Carpenter Shih went on a journey, and when he got to Crooked Shaft he saw an oak standing by the village shrine. It was broad enough to shelter several thousand oxen and measured a hundred spans around, towering above the hills. The lowest branches were eighty feet from the ground, and a dozen or so of them could have been made into boats. There were so many sight-seers that the place looked like a fair, but the carpenter didn’t even glance around and went on his way without stopping. His apprentice stood staring for a long time and then ran after Carpenter Shih and said, “Since I first took up my ax and followed you, Master, I have never seen timber as beautiful as this. But you don’t even bother to look, and go right on without stopping. Why is that?”
“Forget it—say no more!” said the carpenter. “It’s a worthless tree. Make boats out of it and the’d sink; make coffins and they’d rot in no time. Use it for doors and it would sweat sap like pine; use it for posts, and the worms would eat them up. It’s not a timber tree—there’s nothing it can be used for. That’s how it got to be that old!”
After Carpenter Shih has returned home, the oak tree appeared to him in a dream and said, “What are you comparing me with? Are you comparing me with those useful trees? The cherry apple, the pear, the orange, the citron, the rest of those fructiferous trees and shrubs—as soon as their fruit is ripe they are torn apart and subjected to abuse. Their big limbs are broken off, their little limbs are yanked around. Their utility makes life miserable for them, and so they don’t get to finish out the years Heaven gave them, but are cut off in mid-journey. They bring it on themselves—the pulling and the tearing of the common mob. And it’s the same way with all other things.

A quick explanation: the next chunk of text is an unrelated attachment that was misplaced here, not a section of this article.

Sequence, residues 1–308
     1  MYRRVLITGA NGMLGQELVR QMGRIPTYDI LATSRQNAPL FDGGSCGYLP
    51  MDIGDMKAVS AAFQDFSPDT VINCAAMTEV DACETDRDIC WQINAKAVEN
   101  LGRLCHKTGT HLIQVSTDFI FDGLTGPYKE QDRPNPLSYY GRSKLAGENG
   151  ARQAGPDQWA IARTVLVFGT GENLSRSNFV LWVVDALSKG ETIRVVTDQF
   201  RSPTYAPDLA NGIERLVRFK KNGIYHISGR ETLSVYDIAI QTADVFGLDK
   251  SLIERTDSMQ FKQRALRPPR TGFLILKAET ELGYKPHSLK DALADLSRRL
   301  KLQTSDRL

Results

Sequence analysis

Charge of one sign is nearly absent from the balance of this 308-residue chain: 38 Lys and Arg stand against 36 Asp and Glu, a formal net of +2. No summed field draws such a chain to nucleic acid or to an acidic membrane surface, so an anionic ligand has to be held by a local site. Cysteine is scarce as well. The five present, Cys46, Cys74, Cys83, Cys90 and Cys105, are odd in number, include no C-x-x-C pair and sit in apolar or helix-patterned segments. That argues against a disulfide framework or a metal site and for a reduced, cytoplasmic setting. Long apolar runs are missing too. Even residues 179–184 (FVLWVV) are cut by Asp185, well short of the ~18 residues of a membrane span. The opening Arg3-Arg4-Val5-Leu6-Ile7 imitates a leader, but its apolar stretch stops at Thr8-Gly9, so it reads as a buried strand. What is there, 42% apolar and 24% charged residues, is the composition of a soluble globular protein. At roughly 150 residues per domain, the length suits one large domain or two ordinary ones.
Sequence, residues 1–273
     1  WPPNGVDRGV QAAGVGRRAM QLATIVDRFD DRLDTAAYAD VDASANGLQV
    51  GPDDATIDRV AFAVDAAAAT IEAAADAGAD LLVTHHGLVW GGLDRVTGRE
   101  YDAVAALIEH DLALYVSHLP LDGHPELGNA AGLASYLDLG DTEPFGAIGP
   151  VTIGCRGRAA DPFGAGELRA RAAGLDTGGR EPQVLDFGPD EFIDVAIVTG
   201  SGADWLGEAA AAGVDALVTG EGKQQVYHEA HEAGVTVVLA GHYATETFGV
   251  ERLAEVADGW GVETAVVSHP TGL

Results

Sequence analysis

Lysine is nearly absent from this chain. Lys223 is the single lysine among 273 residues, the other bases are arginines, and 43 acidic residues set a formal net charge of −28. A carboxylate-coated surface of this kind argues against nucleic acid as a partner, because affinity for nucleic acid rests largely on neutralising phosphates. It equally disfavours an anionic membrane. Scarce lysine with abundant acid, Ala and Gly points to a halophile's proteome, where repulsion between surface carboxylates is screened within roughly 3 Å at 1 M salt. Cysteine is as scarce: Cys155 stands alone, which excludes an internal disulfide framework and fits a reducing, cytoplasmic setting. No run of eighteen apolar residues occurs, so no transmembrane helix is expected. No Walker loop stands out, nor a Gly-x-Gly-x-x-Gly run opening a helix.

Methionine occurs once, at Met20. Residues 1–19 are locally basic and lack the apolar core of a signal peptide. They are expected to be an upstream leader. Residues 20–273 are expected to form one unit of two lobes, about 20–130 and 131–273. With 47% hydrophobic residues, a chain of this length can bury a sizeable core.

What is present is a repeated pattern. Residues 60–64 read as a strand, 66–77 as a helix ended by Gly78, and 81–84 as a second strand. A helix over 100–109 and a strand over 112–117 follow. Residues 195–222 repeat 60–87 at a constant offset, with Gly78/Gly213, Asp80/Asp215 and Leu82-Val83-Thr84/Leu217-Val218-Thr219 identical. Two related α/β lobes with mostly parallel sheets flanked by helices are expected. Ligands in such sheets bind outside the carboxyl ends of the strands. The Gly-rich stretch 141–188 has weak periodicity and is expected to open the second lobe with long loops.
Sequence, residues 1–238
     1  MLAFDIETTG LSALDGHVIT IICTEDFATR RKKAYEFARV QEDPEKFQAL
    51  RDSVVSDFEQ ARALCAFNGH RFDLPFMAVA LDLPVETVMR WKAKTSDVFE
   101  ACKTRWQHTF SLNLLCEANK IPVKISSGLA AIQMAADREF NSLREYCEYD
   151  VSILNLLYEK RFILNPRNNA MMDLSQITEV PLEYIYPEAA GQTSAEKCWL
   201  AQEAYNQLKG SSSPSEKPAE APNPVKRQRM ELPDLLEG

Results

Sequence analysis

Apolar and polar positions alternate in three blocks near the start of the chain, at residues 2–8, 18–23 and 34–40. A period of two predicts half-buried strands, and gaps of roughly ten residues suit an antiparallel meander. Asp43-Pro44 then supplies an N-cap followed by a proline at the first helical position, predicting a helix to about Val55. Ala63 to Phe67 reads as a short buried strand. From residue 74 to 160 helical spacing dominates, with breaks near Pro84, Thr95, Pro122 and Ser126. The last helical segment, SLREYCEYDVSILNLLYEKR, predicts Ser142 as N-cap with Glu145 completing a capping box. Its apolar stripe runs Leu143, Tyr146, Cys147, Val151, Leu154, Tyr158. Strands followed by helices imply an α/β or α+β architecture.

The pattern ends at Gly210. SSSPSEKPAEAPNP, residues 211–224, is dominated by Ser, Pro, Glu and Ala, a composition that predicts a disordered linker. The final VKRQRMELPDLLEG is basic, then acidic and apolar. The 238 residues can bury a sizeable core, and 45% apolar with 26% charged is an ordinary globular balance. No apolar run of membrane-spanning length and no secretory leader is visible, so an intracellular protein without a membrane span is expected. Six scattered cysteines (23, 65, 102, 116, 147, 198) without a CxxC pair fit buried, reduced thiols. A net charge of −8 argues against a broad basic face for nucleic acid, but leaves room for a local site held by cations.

“As for me, I’ve been trying a long time to be of no use, and now that I’m about to die, I’ve finally got it. This is of great use to me. If I had been of some use, would I ever have grown this large? Moreover, you and I are both of us things. What’s the point of this—things condemning things? You, a worthless man about to die—how do yo know I’m a worthless tree?”
When Carpenter Shih woke up, he reported his dream. His apprentice said, “If it’s so intent on being of no use, what’s it doing there at the village shrine?”
“Shhh! Say no more! It’s only resting there. If we carp and criticise, it will merely conclude that we don’t understand it. Even if it weren’t at the shrine, do you suppose it would be cut down? It protects itself in a different way from ordinary people. If you try to judge it by conventional standards, you’ll be way off!”
Chuang Tzu – Basic Writings
Tr. Burton Watson